Beth Comstock thinks affiliates need to get with the Web and with wireless — and fast.
In one of her first public appearances as prexy of NBC Universal digital media and market development, Comstock told station owners at Gotham’s TV Bureau of Advertising confab Thursday that they need to commit to the same new platforms as the networks if they hope to survive.
“I know that local stations are perfectly positioned to move into the digital world,” she said. “How are you making yourselves relevant in the context of your viewers’ busy, matrixed lives?”
Comstock suggested affils use the same digital techniques to target customers as the nets are using, but in a manner more suited to them. Local sports scores on portable devices, added video news coverage on Web streams and more community features on Web sites are options the affils should be embracing, she said.
Comstock’s talk comes as relations between networks and affils are strained by new platforms like VOD and Webcasting.
On Wednesday NBC tried to thaw the relationship with the announcement that it would create a service with affils called the National Broadband Co., which would pool both parties’ assets and market to digital venues.
Unlike competitors such as Fox, however, NBC has yet to say it will share digital revenue for its own programming with affiliates.
Talk also overlooked some inherent obstacles. So far, most of the on-demand and mobile deals have centered on net-owned content, and affils could have a tricky time turning content that isn’t locally produced into coin without network help.
Comstock downplayed concerns that affiliates would be hurt by the changes roiling television delivery. “The network-affiliate relationship goes back more than 50 years,” she said. “I have no doubt it will continue to serve the nation during our new age of digital television and multiplatform video content.”
But she also subtly signaled that NBC wouldn’t back down from VOD and on-demand Internet deals that in some cases have angered affils. “Conventional wisdom is the enemy at a time like this,” she said.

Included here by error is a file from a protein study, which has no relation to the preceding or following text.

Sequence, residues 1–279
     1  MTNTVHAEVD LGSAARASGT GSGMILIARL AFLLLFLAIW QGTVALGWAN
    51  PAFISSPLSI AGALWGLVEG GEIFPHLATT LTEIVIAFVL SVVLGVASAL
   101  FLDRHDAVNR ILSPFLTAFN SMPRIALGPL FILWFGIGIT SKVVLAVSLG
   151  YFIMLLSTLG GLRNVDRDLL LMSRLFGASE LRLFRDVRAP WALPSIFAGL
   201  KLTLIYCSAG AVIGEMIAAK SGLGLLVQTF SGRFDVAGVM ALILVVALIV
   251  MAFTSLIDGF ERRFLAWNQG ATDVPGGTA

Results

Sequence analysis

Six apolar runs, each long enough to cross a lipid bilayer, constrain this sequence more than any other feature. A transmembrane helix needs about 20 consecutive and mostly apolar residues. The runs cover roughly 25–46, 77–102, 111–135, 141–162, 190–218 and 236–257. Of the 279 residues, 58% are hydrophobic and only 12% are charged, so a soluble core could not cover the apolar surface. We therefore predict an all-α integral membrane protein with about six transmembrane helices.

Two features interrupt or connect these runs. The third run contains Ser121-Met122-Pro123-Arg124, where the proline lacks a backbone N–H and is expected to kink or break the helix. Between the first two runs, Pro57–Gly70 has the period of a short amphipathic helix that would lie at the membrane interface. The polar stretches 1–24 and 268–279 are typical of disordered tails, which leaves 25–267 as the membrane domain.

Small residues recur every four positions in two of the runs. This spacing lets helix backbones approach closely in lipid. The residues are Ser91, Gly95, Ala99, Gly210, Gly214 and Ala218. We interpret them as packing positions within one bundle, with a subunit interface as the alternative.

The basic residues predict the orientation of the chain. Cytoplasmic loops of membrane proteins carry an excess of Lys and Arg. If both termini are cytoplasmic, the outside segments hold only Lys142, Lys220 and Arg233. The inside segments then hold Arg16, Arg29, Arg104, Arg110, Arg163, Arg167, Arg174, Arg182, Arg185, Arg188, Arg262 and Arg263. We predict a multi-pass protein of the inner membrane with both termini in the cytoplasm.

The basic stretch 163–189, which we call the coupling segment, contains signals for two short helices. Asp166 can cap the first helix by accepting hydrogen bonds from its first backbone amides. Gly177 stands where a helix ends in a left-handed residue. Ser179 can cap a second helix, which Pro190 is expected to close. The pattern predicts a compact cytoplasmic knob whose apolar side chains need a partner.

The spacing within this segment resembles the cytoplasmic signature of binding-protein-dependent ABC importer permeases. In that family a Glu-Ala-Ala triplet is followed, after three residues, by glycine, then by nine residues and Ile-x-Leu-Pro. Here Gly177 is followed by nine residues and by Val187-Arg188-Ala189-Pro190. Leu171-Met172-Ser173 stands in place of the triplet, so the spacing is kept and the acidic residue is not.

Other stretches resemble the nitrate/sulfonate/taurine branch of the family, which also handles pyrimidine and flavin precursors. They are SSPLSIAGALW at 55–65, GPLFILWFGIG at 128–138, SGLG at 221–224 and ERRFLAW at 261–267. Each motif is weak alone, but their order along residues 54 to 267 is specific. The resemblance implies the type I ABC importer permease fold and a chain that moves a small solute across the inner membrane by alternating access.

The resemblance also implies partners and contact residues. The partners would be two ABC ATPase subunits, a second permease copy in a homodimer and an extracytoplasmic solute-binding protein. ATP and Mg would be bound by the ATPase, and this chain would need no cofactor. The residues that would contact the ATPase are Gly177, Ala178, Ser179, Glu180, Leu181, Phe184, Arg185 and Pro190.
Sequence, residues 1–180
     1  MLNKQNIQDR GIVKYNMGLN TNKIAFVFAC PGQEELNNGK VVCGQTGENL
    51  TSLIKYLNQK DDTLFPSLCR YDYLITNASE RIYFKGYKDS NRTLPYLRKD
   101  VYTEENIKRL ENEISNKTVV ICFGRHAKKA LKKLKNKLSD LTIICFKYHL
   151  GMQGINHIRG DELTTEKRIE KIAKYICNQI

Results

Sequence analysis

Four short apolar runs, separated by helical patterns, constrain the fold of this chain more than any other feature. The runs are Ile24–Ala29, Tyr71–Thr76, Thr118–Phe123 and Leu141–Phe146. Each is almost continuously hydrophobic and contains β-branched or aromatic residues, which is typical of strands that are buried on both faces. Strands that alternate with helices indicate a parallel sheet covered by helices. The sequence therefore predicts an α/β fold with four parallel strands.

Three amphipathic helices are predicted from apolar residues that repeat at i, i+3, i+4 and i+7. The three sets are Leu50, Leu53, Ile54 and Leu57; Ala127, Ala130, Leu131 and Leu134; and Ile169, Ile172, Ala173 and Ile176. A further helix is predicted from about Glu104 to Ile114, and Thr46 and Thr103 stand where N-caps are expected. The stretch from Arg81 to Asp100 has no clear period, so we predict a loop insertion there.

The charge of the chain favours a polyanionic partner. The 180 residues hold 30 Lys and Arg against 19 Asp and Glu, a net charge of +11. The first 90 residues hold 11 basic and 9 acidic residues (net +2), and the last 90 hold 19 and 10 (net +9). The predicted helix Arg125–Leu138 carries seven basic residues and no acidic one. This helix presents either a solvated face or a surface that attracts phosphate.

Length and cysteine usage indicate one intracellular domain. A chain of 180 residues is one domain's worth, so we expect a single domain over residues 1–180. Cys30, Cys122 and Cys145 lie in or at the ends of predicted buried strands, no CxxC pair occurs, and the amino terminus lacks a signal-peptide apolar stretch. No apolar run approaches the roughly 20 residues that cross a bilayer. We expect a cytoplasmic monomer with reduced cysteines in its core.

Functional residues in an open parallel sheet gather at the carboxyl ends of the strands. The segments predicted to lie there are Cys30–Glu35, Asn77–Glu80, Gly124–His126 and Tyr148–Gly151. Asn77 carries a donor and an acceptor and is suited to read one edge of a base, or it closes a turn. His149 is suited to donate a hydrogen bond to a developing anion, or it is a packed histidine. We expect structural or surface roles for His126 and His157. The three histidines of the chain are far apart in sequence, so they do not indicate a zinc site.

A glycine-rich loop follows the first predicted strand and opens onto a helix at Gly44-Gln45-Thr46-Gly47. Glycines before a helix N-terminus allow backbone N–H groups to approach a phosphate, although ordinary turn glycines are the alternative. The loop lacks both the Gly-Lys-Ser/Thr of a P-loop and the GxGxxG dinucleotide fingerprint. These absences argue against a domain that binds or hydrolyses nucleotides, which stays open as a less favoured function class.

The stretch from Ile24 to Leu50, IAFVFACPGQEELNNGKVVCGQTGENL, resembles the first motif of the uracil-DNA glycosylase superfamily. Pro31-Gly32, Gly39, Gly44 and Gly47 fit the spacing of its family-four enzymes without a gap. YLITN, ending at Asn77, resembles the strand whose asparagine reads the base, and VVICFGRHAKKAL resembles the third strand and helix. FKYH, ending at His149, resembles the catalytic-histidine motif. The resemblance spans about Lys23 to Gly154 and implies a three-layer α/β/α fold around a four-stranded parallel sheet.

Network overtures should be a good sign for affils, experts said, but they go only so far.
“The affiliates have to be encouraged by the fact that there is a willingness to look at what the probabilities and possibilities are,” said Bill Carroll, veep and director of programming for the Katz Television Group. “But it’s a mixed bag. There is no consistency in how the networks are dealing with affiliates,” which he said is heightening the tension in some relationships.
Event also saw the affils themselves try to stir the crowd with a mix of gloom and rallying cry. “We’re still looking at the same pot of money. We need to find a way to create revenue streams that aren’t ad-based,” said Gannett Broadcasting prexy-CEO Roger Ogden. “We don’t have a lot of time.”
Execs cautioned not to overlook the role of regulators in tipping leverage to affils.
“We have to take our message not only to Madison Avenue and Wall Street but to Washington, D.C.,” said outgoing Belo veep Jack Sander, who received TVB’s broadcaster of the year award, as he urged the FCC to adopt “new ownership rules for the modern-day marketplace.”